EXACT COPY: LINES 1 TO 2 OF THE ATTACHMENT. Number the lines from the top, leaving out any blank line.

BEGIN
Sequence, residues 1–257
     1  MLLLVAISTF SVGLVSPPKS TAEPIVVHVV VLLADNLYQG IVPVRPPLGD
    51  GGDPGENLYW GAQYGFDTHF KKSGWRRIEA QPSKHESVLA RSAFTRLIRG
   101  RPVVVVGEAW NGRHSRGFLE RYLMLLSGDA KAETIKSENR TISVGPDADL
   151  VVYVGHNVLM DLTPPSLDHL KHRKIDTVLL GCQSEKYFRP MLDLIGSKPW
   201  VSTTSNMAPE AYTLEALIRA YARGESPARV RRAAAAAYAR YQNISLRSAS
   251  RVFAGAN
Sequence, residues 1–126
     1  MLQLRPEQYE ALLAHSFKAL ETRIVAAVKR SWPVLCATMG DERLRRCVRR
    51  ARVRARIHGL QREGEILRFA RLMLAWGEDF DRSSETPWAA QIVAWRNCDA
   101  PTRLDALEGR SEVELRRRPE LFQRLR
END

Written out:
Sequence, residues 1–257
     1  MLLLVAISTF SVGLVSPPKS TAEPIVVHVV VLLADNLYQG IVPVRPPLGD